Ande lives in Puyallup and wrote to me with a very common problem. Many homeowners have to deal with it in places where there’s abundant rainfall for many months during the year.

When it rains, Ande’s backyard turns into a swamp and her crawl space floods.

Each spring, I receive hundreds of emails from readers who have water leaking into their basements and crawl spaces. Most have soggy yards as well.

You’d be surprised at the amount of water that falls onto your roof. If the footprint of your house is around 1,600 square feet, a rainstorm that dumps 1 inch of rain will create more than 1,000 gallons of water falling off the roof. This rainwater needs to be piped to municipal storm sewers or to the lowest part of your lot.

Problems like the ones Ande described are caused by three things:

• Roof water is dumped onto the ground next to the house


• The ground has not been sloped away from the house foundation

• The lot was improperly graded before the house was built, impeding drainage of surface water to the natural lowest spot.

Any soil that touches your home must slope away from the foundation. If your home was built on a mountain peak, water would naturally flow away from each side of your foundation. You can achieve the same effect on a flat yard by making sure the top of your foundation walls are at least 18 inches higher than any ground within 10 feet of the foundation.

Most building codes suggest that the slope of the ground should fall at least 6 inches in the first 10 horizontal feet from the foundation. (This is a minimum standard; I think more slope is better.)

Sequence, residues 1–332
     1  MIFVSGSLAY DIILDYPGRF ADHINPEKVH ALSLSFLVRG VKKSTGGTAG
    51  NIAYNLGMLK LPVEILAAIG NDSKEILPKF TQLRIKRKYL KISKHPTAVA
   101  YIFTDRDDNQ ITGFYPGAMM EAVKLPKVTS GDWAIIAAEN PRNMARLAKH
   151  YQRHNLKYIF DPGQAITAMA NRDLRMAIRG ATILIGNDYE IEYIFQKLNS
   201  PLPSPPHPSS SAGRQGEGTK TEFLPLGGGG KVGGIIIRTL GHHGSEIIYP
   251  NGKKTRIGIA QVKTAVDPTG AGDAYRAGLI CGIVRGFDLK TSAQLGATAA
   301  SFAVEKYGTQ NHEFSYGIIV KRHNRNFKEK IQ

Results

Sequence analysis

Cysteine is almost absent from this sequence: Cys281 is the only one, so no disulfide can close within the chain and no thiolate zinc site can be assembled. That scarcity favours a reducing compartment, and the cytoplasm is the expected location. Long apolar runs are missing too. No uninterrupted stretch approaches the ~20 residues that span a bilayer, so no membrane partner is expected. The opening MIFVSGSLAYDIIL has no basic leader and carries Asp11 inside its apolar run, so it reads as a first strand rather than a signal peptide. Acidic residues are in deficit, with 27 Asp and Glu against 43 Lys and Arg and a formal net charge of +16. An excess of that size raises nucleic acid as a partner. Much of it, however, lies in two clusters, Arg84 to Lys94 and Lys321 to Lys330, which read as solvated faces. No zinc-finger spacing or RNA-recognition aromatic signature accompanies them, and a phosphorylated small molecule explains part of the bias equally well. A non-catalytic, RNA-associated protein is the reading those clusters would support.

Once you have the ground sloping away from the foundation on all sides, it’s necessary to slope your yard so water flows to the lowest point of your lot. This will take care of the surface water. Then it’s time to deal with the water flowing through the topsoil.

When it rains, water flows into the topsoil and occupies the space previously taken up with air. Gravity then pulls the water down, then sideways.


If you find that this subsurface water is moving downhill toward your home, you need to intercept it before it makes it to your foundation and redirect it away from your home.

I believe the best way to intercept subsurface water is to dig a trench about 6 inches wide and 2 feet deep. I like to put about 1–2 inches of clean rocks in the bottom of the trench. These rock should be the size of large green grapes. Be sure you don’t include any sand or smaller pieces of rock.

Next, place a perforated 4-inch pipe on top of the gravel and fill the trench to the top with the same grape-sized gravel. When water flowing through the soil hits the gravel, it will drop down and finds its way into the drain pipe.

As the ground slopes away from your home, the drain pipe can eventually pop out of the ground. During rainy periods, you’ll see enough water flowing out of the pipe to fill a 5-gallon bucket in a minute or two — water that would otherwise be in your crawl space.

Tim Carter has worked as a home improvement professional for more than 30 years. To submit a question or to learn more, visit